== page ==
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Is there a way to make a nice disk radius legend (with linear or log scale) for a BubbleChart[]? Something like the following example should be built in!

enter image description here

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2 Answers 2

up vote 14 down vote accepted

Since BubbleChart does the scaling of the bubbles the trick is to let it draw the circles of the legend too. I do that by adding the legend circles to the plot data. The rest of the graphics can be added using Show.

lc = Append[Reverse@CityData[#, "Coordinates"], 
            CityData[#, "Population"]
     ] & /@ CityData[{Large, "USA"}];

steps = 8;
legendCircles = Table[{-120 + 18/steps i^1.25, 22, 1000000 i}, {i, steps}];
text = Table[Text[i, {-120 + 18/steps i^1.25, 19}], {i, steps}];

  Graphics[{FaceForm[LightGray], EdgeForm[Black], 
            CountryData["USA", "Polygon"], text,
            Text[Style["Population (mln)", FontFamily -> "Arial", Bold, 16]]}, 
            PlotRange -> {{-126`, -66}, {17, 51}}, AspectRatio -> Automatic
  BubbleChart[Join[lc, legendCircles], BubbleScale -> "Area", 
              AspectRatio -> Automatic, BubbleSizes -> {0.01, 0.1}

Mathematica graphics

or with labels shifted to appear in the bubbles:

Mathematica graphics

A note on combining BubbleChart graphics with other graphics

You might have noticed the above use of AspectRatio and PlotRange. They were pretty much essential. Since BubbleChart uses the AspectRatio of its plot to determine the eccentricity of the ovals it draws (yes, it draws ovals: check its FullForm), it is important to watch the aspect ratio of a combined plot carefully.

For instance, let's see what happens if we start from scratch and want to have a cartographic projection different from the simple "Equirectangular" lat,long coordinate system used above.

(* conversion of city locations to Mercator projection *)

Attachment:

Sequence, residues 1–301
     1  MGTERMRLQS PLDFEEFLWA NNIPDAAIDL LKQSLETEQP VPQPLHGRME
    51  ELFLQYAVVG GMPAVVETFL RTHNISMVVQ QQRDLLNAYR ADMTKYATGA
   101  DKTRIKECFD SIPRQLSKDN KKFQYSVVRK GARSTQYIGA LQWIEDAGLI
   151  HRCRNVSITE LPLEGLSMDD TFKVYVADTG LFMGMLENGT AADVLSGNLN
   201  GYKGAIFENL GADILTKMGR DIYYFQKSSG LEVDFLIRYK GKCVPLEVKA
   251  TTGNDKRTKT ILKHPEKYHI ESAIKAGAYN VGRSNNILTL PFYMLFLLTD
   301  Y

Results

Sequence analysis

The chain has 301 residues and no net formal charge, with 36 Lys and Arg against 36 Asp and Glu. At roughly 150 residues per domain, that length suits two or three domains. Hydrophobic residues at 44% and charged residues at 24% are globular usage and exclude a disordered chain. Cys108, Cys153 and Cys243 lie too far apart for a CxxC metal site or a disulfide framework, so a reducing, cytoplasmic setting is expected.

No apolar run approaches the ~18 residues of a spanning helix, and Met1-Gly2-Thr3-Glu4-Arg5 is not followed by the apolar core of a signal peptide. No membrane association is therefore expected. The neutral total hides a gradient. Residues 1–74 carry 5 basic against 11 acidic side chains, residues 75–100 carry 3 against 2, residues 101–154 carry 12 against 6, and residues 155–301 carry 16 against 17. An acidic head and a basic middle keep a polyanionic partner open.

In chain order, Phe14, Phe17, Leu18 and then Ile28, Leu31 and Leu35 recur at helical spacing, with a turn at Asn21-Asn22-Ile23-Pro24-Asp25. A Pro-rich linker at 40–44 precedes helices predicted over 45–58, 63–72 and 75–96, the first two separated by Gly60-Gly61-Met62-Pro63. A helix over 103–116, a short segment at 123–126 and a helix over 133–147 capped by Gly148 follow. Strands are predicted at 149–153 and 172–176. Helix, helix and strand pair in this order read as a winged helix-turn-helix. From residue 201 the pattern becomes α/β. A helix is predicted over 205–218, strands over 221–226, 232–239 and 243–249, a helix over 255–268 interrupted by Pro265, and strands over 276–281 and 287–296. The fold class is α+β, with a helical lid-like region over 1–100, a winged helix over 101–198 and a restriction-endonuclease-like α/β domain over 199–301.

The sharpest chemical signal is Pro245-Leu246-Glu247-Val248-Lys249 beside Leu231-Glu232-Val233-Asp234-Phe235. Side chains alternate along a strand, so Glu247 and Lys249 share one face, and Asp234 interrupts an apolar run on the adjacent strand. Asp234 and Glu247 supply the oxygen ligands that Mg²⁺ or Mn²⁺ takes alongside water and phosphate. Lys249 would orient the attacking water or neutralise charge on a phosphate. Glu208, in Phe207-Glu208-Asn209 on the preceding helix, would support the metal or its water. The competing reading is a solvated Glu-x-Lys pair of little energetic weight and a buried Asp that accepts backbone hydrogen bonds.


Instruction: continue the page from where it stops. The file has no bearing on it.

lc = Append[
        Append[CityData[#, "Coordinates"], 
          CityData[#, "Elevation"]] /. Missing["NotAvailable"] -> 0], 
       "Mercator"][[1, ;; 2]]
     , CityData[#, "Population"]
     ] & /@ CityData[{Large, "USA"}];

(* CountryData has a built-in projection conversion for its country polygon:     *)
(* CountryData["USA", {"Polygon","projection"}]                                  *)
(* but it results in a grid system different from the GeoGridPosition conversion *)
(* So, I'll perform the transformation in the same way as above                  *)
USAplot = 
 Graphics[{FaceForm[LightGray], EdgeForm[Darker@Gray], 
      GeoGridPosition[GeoPosition[{#2, #1, 0}],"Mercator"][[1, ;; 2]] &,     
      CountryData["USA", "Polygon"], 

cityPlot = BubbleChart[lc, BubbleSizes -> {0.01, 0.1}];
Show[USAplot, cityPlot]

Mathematica graphics

You can prevent this from happening by borrowing the background graphics' options when making the BubbleChart plot:

cityPlot = 
 BubbleChart[lc, AbsoluteOptions[USAplot, {AspectRatio, PlotRange}],BubbleSizes -> {0.01, 0.1}];

Show[USAplot, cityPlot, AbsoluteOptions[USAplot, {AspectRatio, PlotRange}]]

Mathematica graphics

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its the wrong colour! ;-) –  chris Aug 29 '12 at 8:46
@Chris If you were referring to political color you may want to read this: en.wikipedia.org/wiki/Red_states_and_blue_states –  Sjoerd C. de Vries Aug 29 '12 at 9:04

Many legends can be easily created using combination of Row and Column, where for example, each Row contains two elements: a Graphics expression, and a text label which need not be wrapped in Text.

However, since the label you want involves size coding, this method doesn't work. Further, you want to match the size of Disks in the main graphics to the size in the legend, so I recommend using Epilog or Inset.

The basic layout of the legend itself is straightforward, up to scaling:

 Graphics[{Lighter@Blue, Table[{Disk[{i, 0}, Sqrt[i/Pi]/3],
    Black, Text[Style[i, FontSize -> 14], {i, -2/3}]}, {i, 1, 5}]}]

enter image description here

The scaling factor is up to you. For area-coding, the Sqrt is necessary since Disk is determined by radius, but typically the factor Pi is irrelevant since that's a constant parameter that only affects absolute size not relative size. Note the additional factor of 3 shrinking to avoid the disks From overlapping.

Here's a more compact legend using stacked Circles:

Graphics[{Lighter@Blue, Table[{Circle[{0, Sqrt[i/Pi]}, Sqrt[i/Pi]],
    Line[{{1/4, 2 Sqrt[i/Pi]}, {2 - 1/4, 2 Sqrt[i/Pi]}}],
    Text[Style[i, FontSize -> 14], {2, 2 Sqrt[i/Pi]}]}, {i, 1, 10}]},
 ImageSize -> 300

enter image description here

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